• His Music Vermeulen had a strongly developed affinity for musical Impressionism. He greatly admired the music of Debussy and Ravel; but he also strongly admired originality and integrity in any nationality. So, in spite of his opposition to most things German, he guardedly supported the musical creations of Mahler (in spite of Mengelberg’s support)! He was profoundly impressed by the radical discoveries of Arnold Schönberg, almost bestowing upon Schönberg the status of an otherworldly creative genius (Composers Voice record). Edgard Varèse, the French-American iconoclast, received Vermeulen’s support, as well. The Netherlands composers (e.g., Diepenbrock and Willem Pijper), conductors (Mengelberg et al), and critics lent the Austrians, especially Mahler and Schönberg, great support, and Vermeulen never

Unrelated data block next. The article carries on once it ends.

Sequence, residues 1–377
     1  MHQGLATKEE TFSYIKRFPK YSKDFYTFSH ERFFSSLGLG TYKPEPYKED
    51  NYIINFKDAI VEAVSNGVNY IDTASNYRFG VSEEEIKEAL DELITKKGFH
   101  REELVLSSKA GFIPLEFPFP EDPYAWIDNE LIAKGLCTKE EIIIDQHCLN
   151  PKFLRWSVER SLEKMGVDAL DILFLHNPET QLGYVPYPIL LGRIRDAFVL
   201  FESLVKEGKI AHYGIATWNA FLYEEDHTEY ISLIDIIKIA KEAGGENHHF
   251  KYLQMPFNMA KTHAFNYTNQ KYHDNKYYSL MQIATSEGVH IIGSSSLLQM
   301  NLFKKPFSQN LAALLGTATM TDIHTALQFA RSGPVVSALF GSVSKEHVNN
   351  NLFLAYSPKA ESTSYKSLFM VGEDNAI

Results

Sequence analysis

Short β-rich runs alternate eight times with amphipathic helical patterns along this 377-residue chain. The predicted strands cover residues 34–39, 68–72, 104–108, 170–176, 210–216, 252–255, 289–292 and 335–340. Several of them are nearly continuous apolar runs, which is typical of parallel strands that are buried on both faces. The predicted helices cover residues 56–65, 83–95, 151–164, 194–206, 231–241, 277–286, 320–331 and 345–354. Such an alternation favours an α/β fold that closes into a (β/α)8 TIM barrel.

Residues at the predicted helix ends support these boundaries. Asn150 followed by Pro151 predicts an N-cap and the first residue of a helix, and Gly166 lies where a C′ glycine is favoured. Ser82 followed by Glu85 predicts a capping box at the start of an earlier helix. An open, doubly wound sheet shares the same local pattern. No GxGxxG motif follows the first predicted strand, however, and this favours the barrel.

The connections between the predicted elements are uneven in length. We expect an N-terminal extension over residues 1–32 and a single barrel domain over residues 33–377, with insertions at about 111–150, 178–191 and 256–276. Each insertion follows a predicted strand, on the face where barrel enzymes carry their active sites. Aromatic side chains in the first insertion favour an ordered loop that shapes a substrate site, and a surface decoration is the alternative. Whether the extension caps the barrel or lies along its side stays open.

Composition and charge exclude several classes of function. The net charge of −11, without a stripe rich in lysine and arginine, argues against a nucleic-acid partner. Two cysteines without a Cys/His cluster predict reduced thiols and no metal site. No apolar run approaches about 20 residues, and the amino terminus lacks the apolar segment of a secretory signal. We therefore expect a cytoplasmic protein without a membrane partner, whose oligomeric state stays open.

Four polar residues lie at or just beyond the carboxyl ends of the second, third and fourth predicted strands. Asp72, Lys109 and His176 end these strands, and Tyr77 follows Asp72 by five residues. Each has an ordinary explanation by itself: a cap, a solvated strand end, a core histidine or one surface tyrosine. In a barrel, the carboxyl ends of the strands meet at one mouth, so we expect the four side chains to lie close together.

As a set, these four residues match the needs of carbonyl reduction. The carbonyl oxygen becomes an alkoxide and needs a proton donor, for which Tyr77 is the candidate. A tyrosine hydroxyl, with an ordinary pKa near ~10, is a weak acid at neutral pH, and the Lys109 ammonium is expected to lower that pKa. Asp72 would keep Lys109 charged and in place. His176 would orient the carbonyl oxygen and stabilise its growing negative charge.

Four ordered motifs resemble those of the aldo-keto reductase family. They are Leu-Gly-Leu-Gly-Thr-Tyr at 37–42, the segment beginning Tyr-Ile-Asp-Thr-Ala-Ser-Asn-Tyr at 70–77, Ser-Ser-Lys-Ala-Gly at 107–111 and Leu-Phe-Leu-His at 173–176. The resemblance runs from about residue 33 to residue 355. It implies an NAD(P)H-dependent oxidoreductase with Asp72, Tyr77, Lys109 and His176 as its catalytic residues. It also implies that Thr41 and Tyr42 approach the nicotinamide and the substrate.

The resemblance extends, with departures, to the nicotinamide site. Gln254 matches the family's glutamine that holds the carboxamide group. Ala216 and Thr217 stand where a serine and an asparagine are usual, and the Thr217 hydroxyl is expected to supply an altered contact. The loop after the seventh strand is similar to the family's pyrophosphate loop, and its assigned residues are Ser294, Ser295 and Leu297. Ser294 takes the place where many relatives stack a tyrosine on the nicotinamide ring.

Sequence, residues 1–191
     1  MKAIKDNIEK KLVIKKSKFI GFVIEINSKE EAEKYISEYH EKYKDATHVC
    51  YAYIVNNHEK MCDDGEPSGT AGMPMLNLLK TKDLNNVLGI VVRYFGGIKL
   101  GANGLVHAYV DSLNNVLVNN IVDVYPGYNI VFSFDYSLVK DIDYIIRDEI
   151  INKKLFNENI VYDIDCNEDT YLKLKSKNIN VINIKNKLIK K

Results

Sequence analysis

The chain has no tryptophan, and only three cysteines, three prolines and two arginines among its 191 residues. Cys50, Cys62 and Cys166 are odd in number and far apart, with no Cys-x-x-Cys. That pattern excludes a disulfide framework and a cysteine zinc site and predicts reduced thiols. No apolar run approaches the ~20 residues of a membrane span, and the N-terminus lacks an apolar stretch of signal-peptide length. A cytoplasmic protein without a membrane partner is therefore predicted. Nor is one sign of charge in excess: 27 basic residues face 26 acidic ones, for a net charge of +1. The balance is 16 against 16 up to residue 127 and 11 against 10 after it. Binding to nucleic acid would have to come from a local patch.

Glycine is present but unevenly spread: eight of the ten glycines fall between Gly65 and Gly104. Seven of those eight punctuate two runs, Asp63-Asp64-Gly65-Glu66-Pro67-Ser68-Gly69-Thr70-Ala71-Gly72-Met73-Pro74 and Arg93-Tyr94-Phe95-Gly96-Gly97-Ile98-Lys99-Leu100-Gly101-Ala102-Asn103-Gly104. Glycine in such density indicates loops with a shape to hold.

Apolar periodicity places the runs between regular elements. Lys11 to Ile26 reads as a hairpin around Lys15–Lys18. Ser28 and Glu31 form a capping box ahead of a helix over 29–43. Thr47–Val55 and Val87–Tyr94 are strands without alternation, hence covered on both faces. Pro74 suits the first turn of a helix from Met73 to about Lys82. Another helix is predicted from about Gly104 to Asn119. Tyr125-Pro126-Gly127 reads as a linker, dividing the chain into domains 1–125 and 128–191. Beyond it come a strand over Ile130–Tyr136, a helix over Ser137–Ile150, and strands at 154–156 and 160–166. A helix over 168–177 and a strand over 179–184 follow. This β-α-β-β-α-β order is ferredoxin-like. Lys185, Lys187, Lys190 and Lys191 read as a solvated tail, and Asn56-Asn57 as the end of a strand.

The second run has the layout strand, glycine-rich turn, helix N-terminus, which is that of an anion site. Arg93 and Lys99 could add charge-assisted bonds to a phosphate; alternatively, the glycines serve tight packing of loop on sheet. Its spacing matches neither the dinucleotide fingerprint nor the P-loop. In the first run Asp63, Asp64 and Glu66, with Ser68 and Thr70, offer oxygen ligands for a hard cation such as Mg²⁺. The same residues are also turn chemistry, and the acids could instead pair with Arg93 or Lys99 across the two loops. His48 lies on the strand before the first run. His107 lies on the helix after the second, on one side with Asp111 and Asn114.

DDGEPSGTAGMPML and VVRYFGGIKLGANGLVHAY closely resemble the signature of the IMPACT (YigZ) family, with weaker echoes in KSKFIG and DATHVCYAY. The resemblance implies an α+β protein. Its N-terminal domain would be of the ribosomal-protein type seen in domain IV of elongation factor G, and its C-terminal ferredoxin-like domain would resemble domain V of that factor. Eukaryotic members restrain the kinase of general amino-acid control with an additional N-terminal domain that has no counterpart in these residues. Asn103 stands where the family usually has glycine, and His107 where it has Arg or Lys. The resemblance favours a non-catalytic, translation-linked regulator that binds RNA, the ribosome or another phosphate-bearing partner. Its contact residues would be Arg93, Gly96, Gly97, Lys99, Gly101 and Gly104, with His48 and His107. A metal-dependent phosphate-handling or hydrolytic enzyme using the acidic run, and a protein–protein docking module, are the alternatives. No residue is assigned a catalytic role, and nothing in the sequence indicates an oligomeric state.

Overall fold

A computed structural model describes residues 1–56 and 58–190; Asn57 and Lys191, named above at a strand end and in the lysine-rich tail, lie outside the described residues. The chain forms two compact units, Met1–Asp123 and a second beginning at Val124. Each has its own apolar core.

166 - The Future of Modern Music quite escaped this influence. So the Austrian and French traditions congealed, along with a musico-mysticism based in his strong Catholic background, and a raging thirst for discovery, to mold a highly unusual musical personality. His First Symphony, (Symphonia Carminum - 191214), was a Romantic work that exhibits certain rudimentary qualities that would blossom in later works (i.e., rhythmic cross currents, and a cantus firmus supporting ground). Vermeulen then produced a work that departed radically from norms that had defined music until then, the Second Symphony (Prélude à la nouvelle journée 1919-20). This work is restless, with wildly meandering rhythmic phrases. Multiple combinations of triplets and duplets, as well as other complexities, transpiring simultaneously, generate a sense of cross-play that foreshadows the work of Karlheinz Stockhausen in the 1950s (Gruppen - 1955-7 - a work of splitting, shifting patterns that cut to the limits of audience comprehensibility) (Ketting p. 13). Instruments play seemingly independent rhythms that change and shift patterns and speeds. Extreme registers throw the players into ranges they barely can handle. The impression is sometimes one of a mush of bubbling frenzy. This work exudes terrific tension. If the last comments seem pejorative, it is borne mostly by the lack of polish resulting from Vermeulen’s incomplete musical education. Still, one only can admire the creative fecundity unleashed in this untamed sonotron, the Second Symphony. Other works follow the same basic outline: single movement symphonies within roiling, turbulent ‘waters’. The Third Symphony (Thrène et Péan - 1921-2) is more overtly Impressionistic and relaxed. The Fourth Symphony (Les Victoires - 1940-1) is a majestic statement of triumph. It is his most popular symphony. The Fifth Symphony (Les